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Heymatt:

I was just opening a Kit-Kat bar, and there's a contest under the wrapper. I got the usual, "Sorry. Try again." But in the list of rules it says, "For a free game piece, send a self-addressed stamped envelope to…." I've seen this on every contest. Is there some legal requirement that forces them to print that?

-- J.B. in Mira Mesa

Matthew:

Having recently bought several new high-tech gadgets, I notice that all those mail-in rebates are sent to a P.O. box address in Young America, MN. I also seem to remember that a Young America address was used to send away for toys when cashing in cereal box points and the like. Obviously, most corporations are not based out of Young America, so what's the story with the link between this small town and corporate America?

- Jeremy, the net

Ah, Jeremy. So naïve, so starry eyed. You truly believe a company that makes breakfast cereal or digital cameras will lovingly attend to your rebate requests with their own hands. That Cap'n Crunch or the Dell guy personally shuffle all that paper and cut customers' checks. Well, of course not. They're not going to maintain a staff just to send you money periodically. So when a manufacturer has a big rebate or sweepstakes or coupons or some other paper-intensive promotion, they hire a company to handle it for them. F'rinstance, Young America Corporation, Young America, Minnesota. Young America Corp. and others of its ilk are called fulfillment companies because, I guess, they are supposed to fulfill the obligation the manufacturer has to make good on the rebate promise.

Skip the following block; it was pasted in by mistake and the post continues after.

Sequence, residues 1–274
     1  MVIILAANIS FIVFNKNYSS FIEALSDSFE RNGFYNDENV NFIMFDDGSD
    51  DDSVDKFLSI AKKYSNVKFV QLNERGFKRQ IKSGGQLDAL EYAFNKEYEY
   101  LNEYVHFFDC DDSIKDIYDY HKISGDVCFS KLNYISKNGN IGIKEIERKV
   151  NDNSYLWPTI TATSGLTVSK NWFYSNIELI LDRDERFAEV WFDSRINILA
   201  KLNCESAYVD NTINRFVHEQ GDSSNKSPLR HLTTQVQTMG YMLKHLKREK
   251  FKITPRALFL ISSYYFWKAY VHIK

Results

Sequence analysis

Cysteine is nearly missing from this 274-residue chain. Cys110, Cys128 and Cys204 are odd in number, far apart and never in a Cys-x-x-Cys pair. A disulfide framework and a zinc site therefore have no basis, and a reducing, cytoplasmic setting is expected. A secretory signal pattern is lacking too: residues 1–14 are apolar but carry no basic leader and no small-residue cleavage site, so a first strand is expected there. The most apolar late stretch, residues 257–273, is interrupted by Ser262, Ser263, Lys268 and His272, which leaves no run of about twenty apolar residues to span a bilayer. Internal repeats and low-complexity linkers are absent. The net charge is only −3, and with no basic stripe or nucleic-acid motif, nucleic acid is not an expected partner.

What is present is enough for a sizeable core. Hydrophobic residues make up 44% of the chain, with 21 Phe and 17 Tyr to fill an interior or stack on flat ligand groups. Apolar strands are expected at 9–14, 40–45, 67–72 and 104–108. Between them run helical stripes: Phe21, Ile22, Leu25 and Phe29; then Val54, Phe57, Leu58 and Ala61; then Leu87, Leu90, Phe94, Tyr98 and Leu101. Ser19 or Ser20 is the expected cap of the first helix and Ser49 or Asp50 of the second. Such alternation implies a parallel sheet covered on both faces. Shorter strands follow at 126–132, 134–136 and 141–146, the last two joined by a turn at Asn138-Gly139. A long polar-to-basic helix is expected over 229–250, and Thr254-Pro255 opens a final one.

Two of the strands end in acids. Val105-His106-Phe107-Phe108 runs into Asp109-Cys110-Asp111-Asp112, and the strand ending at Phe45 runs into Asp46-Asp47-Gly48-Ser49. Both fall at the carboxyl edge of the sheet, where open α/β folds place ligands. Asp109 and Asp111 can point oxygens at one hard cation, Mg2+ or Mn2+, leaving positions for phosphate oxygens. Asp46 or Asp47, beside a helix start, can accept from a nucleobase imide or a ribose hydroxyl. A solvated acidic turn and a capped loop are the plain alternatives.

If you've ordered a special product, it's possible it will be shipped out of a fulfillment company's warehouse. Got a customer complaint? Product question? That phone number might connect you to a fulfillment company, not the manufacturer itself. Until 10 years ago, Young America Corp. was in the telemarketing business too. So you might look at fulfillment companies as merchandising whores. Whatever a manufacturer needs, they'll do, as long as the manufacturer is willing to pay for it.

As for J.B.'s Kit-Kat contest, the law says consumers must not be forced to buy a product in order to enter a chance-based contest. That kind of contest is considered a lottery, and only the government can be trusted to conduct a lottery. Whether Kit-Kat likes it or not, they must provide a way for you to participate in the contest (e.g., get a game piece) without actually buying their candy bar.

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